Description of problem:
Currently the 'qemu-img -O vpc' does not produce a valid vhd file that could be used in Hyper-V. It would be nice if we could integrate at least the functionality of the vhdtool here:
so that we can convert to valid VHD files
Should note that what we really want for virt-v2v is the
capability to convert *from* vhd/vhdx to a native qemu
Currently adding the vhdx file format, using the MS specification for VHDX from here: https://www.microsoft.com/en-us/download/details.aspx?id=29681
My github repo for the work in progress is
(this is just an informational update, it is not functional or ready to be committed upstream yet)
(In reply to comment #5)
> Currently adding the vhdx file format, using the MS specification for VHDX
> from here: https://www.microsoft.com/en-us/download/details.aspx?id=29681
> My github repo for the work in progress is
> branch jtc-vhdx-work
> (this is just an informational update, it is not functional or ready to be
> committed upstream yet)
If we support vhdx on rhel7, Does QE need to test vpc format? Thanks.
VHDX is completely independent of VPC. So testing VPC is more of a question if RHEL7 is going to support VPC, rather than if VHDX will require us to test VPC. But there is nothing with regards to VHDX that will cause VPC to need to be tested.
(In reply to comment #7)
> Hi Junyi,
> VHDX is completely independent of VPC. So testing VPC is more of a question
> if RHEL7 is going to support VPC, rather than if VHDX will require us to
> test VPC. But there is nothing with regards to VHDX that will cause VPC to
> need to be tested.
Thanks for the confirmation.
VHDX read-only patches are in upstream 1.5.0-rc0:
VHDX (MS Hyper-V) image format has initial read-only support. Dynamic and fixed sized disks are supported, but not differencing images (e.g. VHDX images with a backing file). Read-only is strictly enforced, and the 'readonly=on' option must be used for any VHDX images.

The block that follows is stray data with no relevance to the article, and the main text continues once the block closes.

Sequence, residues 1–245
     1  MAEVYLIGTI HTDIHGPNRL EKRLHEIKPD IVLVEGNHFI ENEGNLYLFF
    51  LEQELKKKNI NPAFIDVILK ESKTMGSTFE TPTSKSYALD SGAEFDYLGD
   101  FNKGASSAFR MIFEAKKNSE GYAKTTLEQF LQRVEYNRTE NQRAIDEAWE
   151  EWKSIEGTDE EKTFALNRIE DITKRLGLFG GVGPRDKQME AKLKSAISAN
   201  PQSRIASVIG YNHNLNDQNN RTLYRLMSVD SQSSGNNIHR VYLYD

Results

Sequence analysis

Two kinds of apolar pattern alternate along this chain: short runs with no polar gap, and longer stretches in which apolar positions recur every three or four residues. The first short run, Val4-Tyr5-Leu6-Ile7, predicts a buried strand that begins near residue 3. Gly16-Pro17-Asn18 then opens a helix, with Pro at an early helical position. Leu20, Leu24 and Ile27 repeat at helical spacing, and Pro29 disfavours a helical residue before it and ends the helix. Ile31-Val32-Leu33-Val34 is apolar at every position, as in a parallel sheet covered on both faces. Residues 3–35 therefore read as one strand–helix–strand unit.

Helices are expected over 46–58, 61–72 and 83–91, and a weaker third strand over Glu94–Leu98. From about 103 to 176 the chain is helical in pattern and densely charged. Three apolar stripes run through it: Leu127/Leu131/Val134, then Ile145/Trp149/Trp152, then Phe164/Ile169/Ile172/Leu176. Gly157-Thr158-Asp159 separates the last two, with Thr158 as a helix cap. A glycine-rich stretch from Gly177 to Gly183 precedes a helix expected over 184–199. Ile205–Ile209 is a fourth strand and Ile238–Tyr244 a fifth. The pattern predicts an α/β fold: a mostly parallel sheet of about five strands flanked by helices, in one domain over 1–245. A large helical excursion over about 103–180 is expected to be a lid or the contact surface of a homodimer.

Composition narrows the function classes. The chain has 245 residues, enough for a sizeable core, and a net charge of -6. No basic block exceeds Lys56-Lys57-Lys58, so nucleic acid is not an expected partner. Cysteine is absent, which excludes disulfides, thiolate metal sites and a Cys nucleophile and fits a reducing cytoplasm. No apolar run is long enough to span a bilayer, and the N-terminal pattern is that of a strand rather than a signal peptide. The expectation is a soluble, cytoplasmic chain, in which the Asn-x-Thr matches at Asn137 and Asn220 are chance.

I tried upstream qemu from git with two vhdx disk images. One
was a blank disk, the other was a Fedora 18 guest, both were
created on Windows 2012 Server Hyper-V.
The blank disk image works fine.
The real guest disk image is suspicious. It doesn't give I/O
errors, but it doesn't entirely work properly either. I see
odd errors which seem to indicate that the virtual disk is
[ 0.520259] sd 2:0:0:0: [sda] 9838592 512-byte logical blocks: (5.03 GB/4.69 GiB)
[ 0.526631] sda: sda1 sda2
[ 0.526961] sda: p2 size 40916992 extends beyond EOD, enabling native capacity
[ 0.529179] sda: sda1 sda2
[ 0.530624] sda: p2 size 40916992 extends beyond EOD, truncated
Reading all physical volumes. This may take a while...
Found volume group "fedora" using metadata type lvm2
[ 1.384526] bio: create slab <bio-1> at 1
[ 1.389517] device-mapper: table: 253:1: sda2 too small for target: start=4065280, len=36847616, dev_size=8812544
device-mapper: resume ioctl on failed: Invalid argument
Unable to resume fedora-root (253:1)
2 logical volume(s) in volume group "fedora" now active
The real virtual disk size is 20 GB.
That error of course stops the guest from working. I can supply
the .vhdx file if that would help.
Created attachment 746176 [details]
libguestfs appliance boot logs
/dev/sda is the .vhdx file (or more precisely, is a qcow2
file with the .vhdx file as backing).
/dev/sdb is the libguestfs appliance root disk.
Comments 10-12 are a false alarm. This turns out to be
a libvirt bug (or missing feature). libvirt needs to be
extended with support for vhdx.
v5 posted upstream:
Closing this as a dupe of BZ 1007176 - it wasn't a dupe when written, but we've consolidated the BZs for adding vpc and vhdx formats to the whitelist.
*** This bug has been marked as a duplicate of bug 1007176 ***
Sorry - wrong bug closed as dupe. Meant to close BZ 1006662 instead.
Fix included in qemu-kvm-1.5.3-33.el7
Verified this issue with qemu-kvm-rhev-1.5.3-39.el7.x86_64.
# uname -r && rpm -q qemu-kvm-rhev
#### scenarios 1.
Use qemu-img to create and read the vpc/vhdx image correctly, and then attach it in KVM as a second disk specified readonly=on.
1.Use qemu-img to create and read the vpc/vhdx image.
# qemu-img create -f vpc my-data-disk.vpc 10G
Formatting 'my-data-disk.vpc', fmt=vpc size=10737418240
# qemu-img info my-data-disk.vpc
file format: vpc
virtual size: 10G (10737893376 bytes)
disk size: 24K
# qemu-img create -f vhdx my-data-disk.vhdx 10G
Formatting 'my-data-disk.vhdx', fmt=vhdx size=10737418240 log_size=1048576 block_size=0 block_state_zero=off
# qemu-img info my-data-disk.vhdx
file format: vhdx
virtual size: 10G (10737418240 bytes)
disk size: 328K
2.using QEMU, launch a guest with the VHDX data disk as a secondary disk.